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  • Nicely observed. But don't stop with print. There are a couple of easy ways to satisfy yourself that the news broadcasts are not about news . First, the talking heads always include their names in the title of the program. It’s not “The NBC Evening News.” It’s the ‘NBC Evening News with Brian Williams” even when BW is not there. It’s a show and he’s the star. A second way: I am old enough to remember “Meet the Press” when a panelist (and later the moderator) was the man who invented it, Lawrence Spivak, one of the least telegenic guys ever to show up on your orthicon tube. The premise for the show was to have a single guest, a policy maker or general or diplomat or some such, and have him sit and be interviewed by three or four or more journalists (hence the title of the show, which incidentally did not include Mr. Spivak’s name), who had particular experience or expertise on the featured military matters or domestic issues or international concerns, and so they tended to be different each week. Because TV was new, guest journalists were by and large from radio or the print media, so they also tended not to be telegenic. It was not a pretty show. But it was evidence at least that the broadcasters took a little seriously their obligation as licensees of the publically owned airwaves to provide some content and public discourse that was useful and healthy for the Republic, an obligation that no longer seems to be honored. And it was focused and thorough and seemed to my then-young eyes as a good examination of the subjects it touched. Nowadays, I don’t believe the show ever has more than one “journalist,” a pretty new guy with GREAT hair, but it very often has more than one guest to be interviewed, an interesting shift in what the broadcasters think is important in terms of their obligations as licensees and in terms of getting and keeping an audience. At this point, instead of “meeting the press” being some sort of ordeal, (Teddy Kennedy was reportedly near panic when he went on as part of his Senate bid in 1962) or a calling to account by members of the Fourth Estate, (those princelings gifted with the First Amendment protections precisely in order to hold to the fire the feet of those we choose to allow to wield power over us), meeting the press has turned into an chance for politicians to be on TV with a celebrity. How big a celebrity? The former long-time host, Tim Russert, died suddenly last year; HIS FUNERAL WAS COVERED ON TV! Like Princess Di or Michael Jackson. Anybody else spotting a trend here?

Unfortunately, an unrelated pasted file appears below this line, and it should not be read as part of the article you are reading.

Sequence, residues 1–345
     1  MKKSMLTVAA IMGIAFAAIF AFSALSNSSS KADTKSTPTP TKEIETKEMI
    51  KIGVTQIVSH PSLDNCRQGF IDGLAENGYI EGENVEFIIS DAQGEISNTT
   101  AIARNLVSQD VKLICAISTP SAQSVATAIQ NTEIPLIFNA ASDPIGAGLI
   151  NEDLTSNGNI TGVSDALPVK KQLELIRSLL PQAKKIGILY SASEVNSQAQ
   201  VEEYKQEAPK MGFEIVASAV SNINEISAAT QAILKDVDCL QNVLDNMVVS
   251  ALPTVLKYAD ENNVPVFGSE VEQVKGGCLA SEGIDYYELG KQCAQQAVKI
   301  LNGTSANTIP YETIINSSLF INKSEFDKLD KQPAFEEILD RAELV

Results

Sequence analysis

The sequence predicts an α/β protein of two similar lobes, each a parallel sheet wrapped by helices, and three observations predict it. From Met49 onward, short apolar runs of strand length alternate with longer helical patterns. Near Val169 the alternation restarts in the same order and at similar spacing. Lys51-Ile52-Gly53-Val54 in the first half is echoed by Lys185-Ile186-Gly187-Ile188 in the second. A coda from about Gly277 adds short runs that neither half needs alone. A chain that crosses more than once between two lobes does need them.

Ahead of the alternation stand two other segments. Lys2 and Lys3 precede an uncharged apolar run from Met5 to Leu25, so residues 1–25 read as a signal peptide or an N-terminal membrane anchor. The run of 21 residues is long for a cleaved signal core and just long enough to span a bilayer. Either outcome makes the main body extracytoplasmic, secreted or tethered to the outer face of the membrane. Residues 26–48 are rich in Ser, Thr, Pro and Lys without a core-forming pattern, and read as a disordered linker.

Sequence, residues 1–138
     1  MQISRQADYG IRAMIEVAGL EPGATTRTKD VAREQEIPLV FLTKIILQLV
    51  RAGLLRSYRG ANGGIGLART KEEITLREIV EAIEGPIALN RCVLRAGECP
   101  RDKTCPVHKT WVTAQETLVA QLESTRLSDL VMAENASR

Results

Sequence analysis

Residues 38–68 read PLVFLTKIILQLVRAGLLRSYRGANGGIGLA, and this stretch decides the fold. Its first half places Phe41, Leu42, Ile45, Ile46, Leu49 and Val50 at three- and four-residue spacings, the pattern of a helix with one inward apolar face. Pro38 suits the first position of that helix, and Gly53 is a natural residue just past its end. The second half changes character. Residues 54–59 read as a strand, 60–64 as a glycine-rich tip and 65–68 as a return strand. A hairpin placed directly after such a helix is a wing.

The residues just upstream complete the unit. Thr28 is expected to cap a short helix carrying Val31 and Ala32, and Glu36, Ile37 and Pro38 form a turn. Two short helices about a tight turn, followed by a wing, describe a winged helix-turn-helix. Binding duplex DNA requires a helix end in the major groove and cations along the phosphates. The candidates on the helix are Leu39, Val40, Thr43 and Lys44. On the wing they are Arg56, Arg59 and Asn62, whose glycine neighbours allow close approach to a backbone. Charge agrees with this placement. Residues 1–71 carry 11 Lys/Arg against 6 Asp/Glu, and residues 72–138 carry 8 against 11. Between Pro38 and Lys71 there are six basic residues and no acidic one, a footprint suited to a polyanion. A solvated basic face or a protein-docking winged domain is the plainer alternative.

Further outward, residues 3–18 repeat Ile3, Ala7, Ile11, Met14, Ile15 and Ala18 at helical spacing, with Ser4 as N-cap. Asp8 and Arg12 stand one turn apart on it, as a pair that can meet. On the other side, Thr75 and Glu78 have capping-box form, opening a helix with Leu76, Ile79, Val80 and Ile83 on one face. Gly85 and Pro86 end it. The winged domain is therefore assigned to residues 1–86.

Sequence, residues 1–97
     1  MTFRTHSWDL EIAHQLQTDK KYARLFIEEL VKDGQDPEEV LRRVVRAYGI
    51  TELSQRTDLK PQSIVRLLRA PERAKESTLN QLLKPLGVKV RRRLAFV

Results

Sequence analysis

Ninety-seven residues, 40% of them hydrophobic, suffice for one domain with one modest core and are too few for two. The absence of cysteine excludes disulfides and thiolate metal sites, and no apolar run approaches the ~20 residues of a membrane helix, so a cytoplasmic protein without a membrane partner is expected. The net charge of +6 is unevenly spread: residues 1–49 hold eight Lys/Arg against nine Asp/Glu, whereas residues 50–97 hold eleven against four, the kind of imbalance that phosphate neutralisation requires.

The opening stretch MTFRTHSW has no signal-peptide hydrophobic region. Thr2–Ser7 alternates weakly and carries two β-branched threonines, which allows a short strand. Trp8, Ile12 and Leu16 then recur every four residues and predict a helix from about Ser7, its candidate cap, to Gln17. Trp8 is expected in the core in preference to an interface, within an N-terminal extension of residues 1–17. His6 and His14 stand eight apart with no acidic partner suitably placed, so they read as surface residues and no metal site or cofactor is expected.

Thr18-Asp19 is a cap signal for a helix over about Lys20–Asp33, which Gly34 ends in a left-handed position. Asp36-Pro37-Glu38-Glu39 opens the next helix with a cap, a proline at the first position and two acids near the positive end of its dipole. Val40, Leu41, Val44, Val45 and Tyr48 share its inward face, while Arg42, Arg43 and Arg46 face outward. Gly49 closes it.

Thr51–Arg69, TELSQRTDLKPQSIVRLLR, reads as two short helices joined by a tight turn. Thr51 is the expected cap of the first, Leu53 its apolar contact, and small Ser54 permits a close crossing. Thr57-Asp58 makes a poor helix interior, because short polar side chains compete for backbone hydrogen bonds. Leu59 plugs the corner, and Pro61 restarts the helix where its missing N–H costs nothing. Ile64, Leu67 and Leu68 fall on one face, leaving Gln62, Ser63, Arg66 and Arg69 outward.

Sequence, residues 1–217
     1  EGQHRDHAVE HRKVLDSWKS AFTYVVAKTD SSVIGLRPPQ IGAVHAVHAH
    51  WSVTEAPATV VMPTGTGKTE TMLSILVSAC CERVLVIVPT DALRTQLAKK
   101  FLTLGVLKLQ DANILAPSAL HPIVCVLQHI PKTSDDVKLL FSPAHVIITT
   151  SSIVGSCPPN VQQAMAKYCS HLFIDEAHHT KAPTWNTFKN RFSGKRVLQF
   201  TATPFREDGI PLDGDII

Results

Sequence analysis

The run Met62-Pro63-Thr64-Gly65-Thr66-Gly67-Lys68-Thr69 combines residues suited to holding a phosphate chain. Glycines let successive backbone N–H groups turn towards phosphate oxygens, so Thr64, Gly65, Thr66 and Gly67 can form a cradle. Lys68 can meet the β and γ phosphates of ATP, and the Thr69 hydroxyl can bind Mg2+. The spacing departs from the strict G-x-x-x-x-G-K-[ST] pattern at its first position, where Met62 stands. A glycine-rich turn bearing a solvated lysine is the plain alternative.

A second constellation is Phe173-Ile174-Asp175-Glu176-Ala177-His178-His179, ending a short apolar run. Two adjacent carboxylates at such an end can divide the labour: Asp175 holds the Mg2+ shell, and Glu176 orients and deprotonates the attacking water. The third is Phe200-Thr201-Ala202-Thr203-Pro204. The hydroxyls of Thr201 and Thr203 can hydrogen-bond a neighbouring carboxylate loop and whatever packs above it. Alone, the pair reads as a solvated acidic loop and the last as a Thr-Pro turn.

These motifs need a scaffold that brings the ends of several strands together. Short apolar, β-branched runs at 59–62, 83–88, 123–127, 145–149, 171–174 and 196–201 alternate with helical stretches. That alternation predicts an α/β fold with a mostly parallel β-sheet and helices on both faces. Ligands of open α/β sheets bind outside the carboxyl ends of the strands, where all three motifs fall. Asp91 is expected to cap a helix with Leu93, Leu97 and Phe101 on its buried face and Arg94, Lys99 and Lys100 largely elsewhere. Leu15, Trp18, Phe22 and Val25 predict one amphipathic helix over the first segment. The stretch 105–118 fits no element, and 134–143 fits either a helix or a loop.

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  • I lacked the stomach to wade into the atrocities of "news" programming on television, although I'm in full agreement with you. I think C-SPAN is still good, with their hosts the equivalent of Spivak. My mother watched "Meet the Press" every Sunday, while my brothers and I were at church, although I do remember in '63, skipping church because of JFK's murder, seeing Oswald rubbed out live on NBC. A seminal television moment, but God only knows how it'd be handled today.

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  • I'd love to see some big name television journalists take on the government. Now I can't take anything any of them say without a hefty grain of salt.